My dad and his wife are in western Canada right now. As a retired minister I assume he’s preaching in some of our denominational churches. (I should know…sorry dad). He sent me a photo of my childhood friend Jennifer, who moved there with her family in her later teens. She comes from a family of over 10 siblings and it was said that no one was turned away for Sunday lunch of dutch meatball soup. Her mom would just add more water.
I had to think of that in a meeting today where the consultant challenged our community to do more with less by “watering down the soup”. Is this really the best direction for our community? When everyone gets a little and not really what they need or deserve. Will that be enough to make a difference?
A few years ago I attended a keynote with Paul Kershaw “Generation squeeze”. He resembled a charismatic preacher on a Sunday morning sharing a message that as society we need to make an investment of significance to make any kind of changing impact. He argued that dribble and drabs of funds might as well not happen at all, as they make no lasting difference.
Closer to home my organization has made some bold investments like offering a significant premium wage to our educators who work split shifts. Another example; doubling the hours of our assistant supervisors to provide much needed relief to centre supervisor’s & provide them with an opportunity to be in the classrooms supporting educators on a regular basis. These are bold & brave decisions which promote ROI. (Return On Investment.)
Nevertheless, despite increasing public investment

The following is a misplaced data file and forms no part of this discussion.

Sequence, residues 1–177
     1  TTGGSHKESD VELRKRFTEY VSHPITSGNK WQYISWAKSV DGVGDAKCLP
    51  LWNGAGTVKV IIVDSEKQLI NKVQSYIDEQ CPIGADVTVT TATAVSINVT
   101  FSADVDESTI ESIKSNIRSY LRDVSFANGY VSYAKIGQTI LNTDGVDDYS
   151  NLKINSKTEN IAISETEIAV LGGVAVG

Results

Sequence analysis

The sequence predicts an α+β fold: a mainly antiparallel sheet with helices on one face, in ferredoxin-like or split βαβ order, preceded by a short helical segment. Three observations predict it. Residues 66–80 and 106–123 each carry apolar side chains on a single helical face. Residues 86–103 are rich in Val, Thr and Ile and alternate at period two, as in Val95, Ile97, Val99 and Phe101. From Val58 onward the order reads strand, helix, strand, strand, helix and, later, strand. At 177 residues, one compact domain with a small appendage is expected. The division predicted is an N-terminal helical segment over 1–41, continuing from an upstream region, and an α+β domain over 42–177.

in K-12 education, there remains a
persistent tolerance in our society for poor
quality care and education in the early childhood
period. In this context, scientific evidence
indicates that for children to reach their full
potential, communities need to support the
capacity of all families to provide a variety of
stimulating and appropriate experiences in the
earliest years, when a child’s brain is optimally
programmed to benefit from specific types of
experiences, and then build on that sturdy brain
foundation through continuous exposures
to high quality, age-appropriate experiences
throughout the later school-age years.
“The National Scientific Council on the Developing Child”
I understand the concept of “tightening the belt”. I believe in combing, sifting & brainstorming ways to do more with less. What makes me uneasy is spreading existing services over a greater number being served. I wonder if it’s a numbers game which is so familiar to politics?
Why would we consider a lunch of a single floating meat ball in a bowl of hot water? I’ll have a veggie, noodle, meatball filled bowl of goodness with a piece of buttered white bread and Gouda cheese.